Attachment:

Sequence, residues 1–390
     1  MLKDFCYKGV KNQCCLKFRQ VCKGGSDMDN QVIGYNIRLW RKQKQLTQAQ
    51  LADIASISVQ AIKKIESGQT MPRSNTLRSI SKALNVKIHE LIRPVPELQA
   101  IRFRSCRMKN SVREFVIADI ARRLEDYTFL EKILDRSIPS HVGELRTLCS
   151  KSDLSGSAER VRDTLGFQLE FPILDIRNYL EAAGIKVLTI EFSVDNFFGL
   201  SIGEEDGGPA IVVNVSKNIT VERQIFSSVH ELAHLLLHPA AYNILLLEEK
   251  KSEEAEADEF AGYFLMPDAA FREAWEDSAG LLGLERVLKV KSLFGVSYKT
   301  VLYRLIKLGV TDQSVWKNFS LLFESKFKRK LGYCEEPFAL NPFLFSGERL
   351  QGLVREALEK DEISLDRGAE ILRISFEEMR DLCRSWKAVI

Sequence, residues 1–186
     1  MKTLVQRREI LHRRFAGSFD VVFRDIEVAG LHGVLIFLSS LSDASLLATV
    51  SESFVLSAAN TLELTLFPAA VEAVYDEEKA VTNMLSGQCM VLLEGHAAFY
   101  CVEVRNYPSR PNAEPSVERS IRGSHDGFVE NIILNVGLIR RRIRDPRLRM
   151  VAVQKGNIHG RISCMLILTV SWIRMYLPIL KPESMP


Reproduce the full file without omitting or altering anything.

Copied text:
Sequence, residues 1–390
     1  MLKDFCYKGV KNQCCLKFRQ VCKGGSDMDN QVIGYNIRLW RKQKQLTQAQ
    51  LADIASISVQ AIKKIESGQT MPRSNTLRSI SKALNVKIHE LIRPVPELQA
   101  IRFRSCRMKN SVREFVIADI ARRLEDYTFL EKILDRSIPS HVGELRTLCS
   151  KSDLSGSAER VRDTLGFQLE FPILDIRNYL EAAGIKVLTI EFSVDNFFGL
   201  SIGEEDGGPA IVVNVSKNIT VERQIFSSVH ELAHLLLHPA AYNILLLEEK
   251  KSEEAEADEF AGYFLMPDAA FREAWEDSAG LLGLERVLKV KSLFGVSYKT
   301  VLYRLIKLGV TDQSVWKNFS LLFESKFKRK LGYCEEPFAL NPFLFSGERL
   351  QGLVREALEK DEISLDRGAE ILRISFEEMR DLCRSWKAVI

Sequence, residues 1–186
     1  MKTLVQRREI LHRRFAGSFD VVFRDIEVAG LHGVLIFLSS LSDASLLATV
    51  SESFVLSAAN TLELTLFPAA VEAVYDEEKA VTNMLSGQCM VLLEGHAAFY
   101  CVEVRNYPSR PNAEPSVERS IRGSHDGFVE NIILNVGLIR RRIRDPRLRM
   151  VAVQKGNIHG RISCMLILTV SWIRMYLPIL KPESMP